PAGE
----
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Print, Copy and Scan 

Currently a large box is blocking my hallway, the content of which is the subject of this review.
Brother DCP 8060 All-in-one printer

One thing you can say straight away about the Brother DCP 8060 unit is that it is not a shrinking violet with regards to its presence in your working environment.  Alright there are several larger units available but the DCP 8060 is big enough for me.  While it might qualify for the refrain "It ain't heavy, it's my brother", this multi-function device does not encourage easy movement from one location to another especially when you have my problematic back.  Casting my personal health concerns aside, lets take a look at what this new product from Brother has to offer.

As mentioned earlier, this is a multi-functional device that combines copy, scan and laser print facilities with an ADF (Automatic Document Feed) capability within a single unit.  From its base of 37.5 x 36cm, this two-tone grey unit rises to a height of 45.5cm while expanding its dimensions to 53 x 45cm at the top.  The layout of this device has the paper input tray, with its 250 sheet capacity, at the base.  A drop down flap, giving access to a secondary paper input route with a 50-sheet capacity, comes next as it sits beneath a mouth-like opening for printed paper output with a protruding tongue acting as the paper support. A control panel heads this opening and everything is topped off by the scanner and ADF.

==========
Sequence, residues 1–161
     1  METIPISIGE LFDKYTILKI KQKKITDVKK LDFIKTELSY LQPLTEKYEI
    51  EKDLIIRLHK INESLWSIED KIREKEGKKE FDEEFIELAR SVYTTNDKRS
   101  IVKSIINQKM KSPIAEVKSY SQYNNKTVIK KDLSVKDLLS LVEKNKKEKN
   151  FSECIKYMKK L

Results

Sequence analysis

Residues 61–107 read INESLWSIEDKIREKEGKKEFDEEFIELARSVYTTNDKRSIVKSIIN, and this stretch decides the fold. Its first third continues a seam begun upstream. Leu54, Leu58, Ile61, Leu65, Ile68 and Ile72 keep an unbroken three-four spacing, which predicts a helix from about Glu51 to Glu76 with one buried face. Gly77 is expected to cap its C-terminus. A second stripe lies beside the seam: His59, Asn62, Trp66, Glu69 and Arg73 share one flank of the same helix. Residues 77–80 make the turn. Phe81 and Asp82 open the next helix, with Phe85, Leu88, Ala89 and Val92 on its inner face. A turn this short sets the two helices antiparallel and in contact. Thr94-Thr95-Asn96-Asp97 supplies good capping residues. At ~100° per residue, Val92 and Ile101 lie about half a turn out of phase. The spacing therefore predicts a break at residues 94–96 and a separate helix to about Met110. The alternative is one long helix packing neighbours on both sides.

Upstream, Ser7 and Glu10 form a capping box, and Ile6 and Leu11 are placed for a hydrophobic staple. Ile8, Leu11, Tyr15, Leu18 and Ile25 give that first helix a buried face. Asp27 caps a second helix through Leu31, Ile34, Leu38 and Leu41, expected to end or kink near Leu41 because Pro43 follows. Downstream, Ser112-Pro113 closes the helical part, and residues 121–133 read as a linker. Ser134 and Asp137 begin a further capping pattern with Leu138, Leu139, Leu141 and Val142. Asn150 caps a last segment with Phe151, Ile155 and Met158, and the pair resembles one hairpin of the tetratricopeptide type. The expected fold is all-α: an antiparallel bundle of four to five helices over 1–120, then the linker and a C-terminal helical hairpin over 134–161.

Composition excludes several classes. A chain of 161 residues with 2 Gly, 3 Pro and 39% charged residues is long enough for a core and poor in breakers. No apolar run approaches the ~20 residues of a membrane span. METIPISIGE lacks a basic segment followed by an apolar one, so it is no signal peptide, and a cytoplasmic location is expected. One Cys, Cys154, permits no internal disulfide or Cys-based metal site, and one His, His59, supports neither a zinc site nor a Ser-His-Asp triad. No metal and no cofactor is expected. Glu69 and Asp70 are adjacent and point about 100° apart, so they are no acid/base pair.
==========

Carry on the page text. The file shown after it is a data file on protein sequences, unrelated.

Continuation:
The control panel has a centrally positioned LCD.  This five-line display provides status and feedback information regarding the current task.  The quality of this display is a big improvement on the displays I have seen on other Brother kit.  A standard key pad with navigation buttons, plus others to stop/start operations; carry out various copy functions up to a maximum 99 sheets; and scan, provide the user with the necessary means to instigate most operations starting with the initial set-up are provided in a well set-out layout.

Setting-up this device is relatively straightforward with guidance being provided in the Quick Setup Guide.  However I did manage to come across one problem with regards to the PaperPort software that is bundled with the DCP 8060.  The problem was caused by the test system having a later version of PaperPort already installed.  This caused the standard set-up to fail.  Fortunately Brother includes an option not to install the supplied version of PaperPort and this enabled me to complete the installation.

While standard copying can be carried out from the scanner to printer without the need of a computer, other activities do require the active participation of a Windows or Macintosh system.  When scanning, either single sheets from the flat bed scanner or multiple sheets using the ADF, you can select from resolutions up to 600 x 2400 dpi (optical) or 19,200 x 19,200 (interpolated) with the results being produced as an email, image, OCR text or saved as a file.